What’s most astonishing about this predictably sudsy screen adaptation of Nicolas Sparks’ 2013 best-seller is how much Scott Eastwood looks like a younger version of his rugged father Clint – and how the camera fawns over his chiseled jawline and muscular physique. Set in North Carolina, Scott plays Luke Collins, a former champion bull rider, who is trying to make a comeback after suffering a serious head injury. At a rodeo, he meets Sophia Danko (Britt Robertson), a studious Wake Forest University senior who is excited about her upcoming internship in New York City’s glamorous art world. Read on…
He’s an old-fashioned guy – one who calls, rather than texts, and brings her a bouquet of flowers on their first date. Despite their differences, they’re soon saddling up and riding off into the sunset.
One dark, rainy evening, Luke spies a car that’s spun off the road. Luke rescues 91 year-old Ira Levinson (Alan Alda), who was driving to Black Mountain College, near Asheville, while Sophie grabs Ira’s treasured box of letters from the passenger seat. Ira’s vivid memories – a.k.a. flashbacks – of his beloved, contemporary art-enthusiast wife Ruth inspire the young couple.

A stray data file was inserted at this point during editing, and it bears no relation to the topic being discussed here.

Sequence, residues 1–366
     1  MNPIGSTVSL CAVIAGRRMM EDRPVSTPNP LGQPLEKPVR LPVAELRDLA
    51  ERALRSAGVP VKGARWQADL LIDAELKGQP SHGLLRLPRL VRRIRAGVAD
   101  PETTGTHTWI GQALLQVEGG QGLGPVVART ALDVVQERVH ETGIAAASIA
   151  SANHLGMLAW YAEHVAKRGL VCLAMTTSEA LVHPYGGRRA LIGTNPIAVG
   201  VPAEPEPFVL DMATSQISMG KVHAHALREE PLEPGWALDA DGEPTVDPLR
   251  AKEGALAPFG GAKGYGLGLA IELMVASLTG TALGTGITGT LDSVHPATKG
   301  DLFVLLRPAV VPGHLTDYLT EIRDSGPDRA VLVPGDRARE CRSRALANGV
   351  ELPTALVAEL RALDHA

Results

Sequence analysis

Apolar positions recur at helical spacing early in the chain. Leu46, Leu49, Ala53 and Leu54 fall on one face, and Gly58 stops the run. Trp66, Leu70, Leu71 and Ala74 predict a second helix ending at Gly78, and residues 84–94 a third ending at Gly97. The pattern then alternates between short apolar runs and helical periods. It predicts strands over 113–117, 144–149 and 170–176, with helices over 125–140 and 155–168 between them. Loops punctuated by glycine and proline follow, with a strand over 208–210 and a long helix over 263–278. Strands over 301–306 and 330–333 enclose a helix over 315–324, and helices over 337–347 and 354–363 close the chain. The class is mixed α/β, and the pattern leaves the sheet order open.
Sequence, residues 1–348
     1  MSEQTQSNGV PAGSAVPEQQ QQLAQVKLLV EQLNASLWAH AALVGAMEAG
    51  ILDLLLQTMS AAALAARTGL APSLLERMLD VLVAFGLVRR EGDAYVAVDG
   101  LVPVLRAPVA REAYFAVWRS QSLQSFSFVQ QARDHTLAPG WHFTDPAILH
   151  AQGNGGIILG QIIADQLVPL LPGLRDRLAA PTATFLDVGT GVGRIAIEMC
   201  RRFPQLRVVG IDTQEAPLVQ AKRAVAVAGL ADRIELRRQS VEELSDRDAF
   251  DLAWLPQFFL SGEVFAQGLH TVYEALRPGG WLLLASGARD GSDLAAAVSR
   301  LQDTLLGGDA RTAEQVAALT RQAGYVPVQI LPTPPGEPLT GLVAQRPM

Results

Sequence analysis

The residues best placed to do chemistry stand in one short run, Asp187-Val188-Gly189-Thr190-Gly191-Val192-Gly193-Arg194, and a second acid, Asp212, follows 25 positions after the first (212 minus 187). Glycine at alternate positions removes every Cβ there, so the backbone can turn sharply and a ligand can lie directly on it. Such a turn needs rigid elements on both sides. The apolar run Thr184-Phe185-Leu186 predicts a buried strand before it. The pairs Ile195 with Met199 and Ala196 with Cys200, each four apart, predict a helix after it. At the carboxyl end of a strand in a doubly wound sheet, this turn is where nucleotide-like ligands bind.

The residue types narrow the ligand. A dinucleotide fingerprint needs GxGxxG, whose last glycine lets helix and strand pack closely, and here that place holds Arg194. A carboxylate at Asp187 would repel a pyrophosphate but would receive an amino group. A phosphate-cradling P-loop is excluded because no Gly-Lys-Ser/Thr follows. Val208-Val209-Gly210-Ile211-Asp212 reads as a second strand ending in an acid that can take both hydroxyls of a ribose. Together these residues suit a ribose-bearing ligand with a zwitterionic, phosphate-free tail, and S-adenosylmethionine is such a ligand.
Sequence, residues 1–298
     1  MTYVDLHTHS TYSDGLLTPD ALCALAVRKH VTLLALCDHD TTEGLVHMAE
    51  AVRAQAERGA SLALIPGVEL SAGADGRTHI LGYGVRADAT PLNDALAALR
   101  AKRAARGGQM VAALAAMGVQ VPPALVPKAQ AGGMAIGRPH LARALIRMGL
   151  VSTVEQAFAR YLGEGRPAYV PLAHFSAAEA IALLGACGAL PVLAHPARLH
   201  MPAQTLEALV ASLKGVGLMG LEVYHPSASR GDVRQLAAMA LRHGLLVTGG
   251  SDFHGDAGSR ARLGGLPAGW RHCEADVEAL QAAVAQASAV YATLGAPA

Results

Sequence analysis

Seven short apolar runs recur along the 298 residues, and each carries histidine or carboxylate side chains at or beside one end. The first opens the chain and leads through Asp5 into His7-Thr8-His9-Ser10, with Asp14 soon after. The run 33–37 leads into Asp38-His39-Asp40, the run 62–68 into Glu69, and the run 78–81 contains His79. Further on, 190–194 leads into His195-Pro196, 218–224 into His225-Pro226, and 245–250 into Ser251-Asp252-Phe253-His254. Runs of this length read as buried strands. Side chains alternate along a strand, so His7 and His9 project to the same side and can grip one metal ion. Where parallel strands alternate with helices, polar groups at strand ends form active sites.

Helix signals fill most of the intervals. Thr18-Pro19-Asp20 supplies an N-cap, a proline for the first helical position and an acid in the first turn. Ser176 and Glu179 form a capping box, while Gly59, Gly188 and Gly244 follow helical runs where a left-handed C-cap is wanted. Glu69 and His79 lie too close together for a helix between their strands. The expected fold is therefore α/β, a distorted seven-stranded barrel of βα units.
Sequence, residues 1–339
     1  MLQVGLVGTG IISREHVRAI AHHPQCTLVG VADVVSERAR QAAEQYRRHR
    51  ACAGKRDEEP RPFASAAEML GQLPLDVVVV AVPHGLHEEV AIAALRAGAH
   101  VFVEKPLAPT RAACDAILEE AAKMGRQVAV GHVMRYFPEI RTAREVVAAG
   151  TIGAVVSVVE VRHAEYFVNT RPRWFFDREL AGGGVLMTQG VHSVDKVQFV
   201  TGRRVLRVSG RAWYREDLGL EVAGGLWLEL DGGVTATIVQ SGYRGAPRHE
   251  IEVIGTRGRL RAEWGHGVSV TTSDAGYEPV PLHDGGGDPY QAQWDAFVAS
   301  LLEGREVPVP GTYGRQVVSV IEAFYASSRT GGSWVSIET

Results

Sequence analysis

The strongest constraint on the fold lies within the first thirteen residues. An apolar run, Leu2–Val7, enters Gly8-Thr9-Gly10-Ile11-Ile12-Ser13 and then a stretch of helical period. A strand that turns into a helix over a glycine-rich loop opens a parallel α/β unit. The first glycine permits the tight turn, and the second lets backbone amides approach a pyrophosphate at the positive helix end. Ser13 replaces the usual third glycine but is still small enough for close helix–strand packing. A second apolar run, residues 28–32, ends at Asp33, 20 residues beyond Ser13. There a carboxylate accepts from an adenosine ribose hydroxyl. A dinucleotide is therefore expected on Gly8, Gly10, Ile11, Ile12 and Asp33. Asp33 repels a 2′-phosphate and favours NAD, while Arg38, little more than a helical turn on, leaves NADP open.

Stressing the theme that love demands compromise and sacrifice, screenwriter Craig Bolotin (“Black Rain”) and director George Tillman Jr. (“Faster”) intertwine these formulaic narratives – with Jack Huston (grandson of John) playing Young Ira and Oona Chaplin (granddaughter of Charlie, daughter of Geraldine) as vivacious Ruth, a Jewish immigrant from Austria during the 1940s.
While the rodeo sequences are exciting – with the bucking bull Rango receiving his own screen credit – the artificial juxtaposition of these two disparate romances is preposterous and the conclusion simply flabbergasting.
FYI: This is Nicholas Sparks’ 10th novel to be made into a feature film. Others include “Message in a Bottle,” “Nights in Rodanthe,” “A Walk to Remember,” “Dear John,” and “The Notebook.”
On the Granger Movie Gauge of 1 to 10, “The Longest Ride” is a syrupy 5, oozing unabashed slush and sentimentality.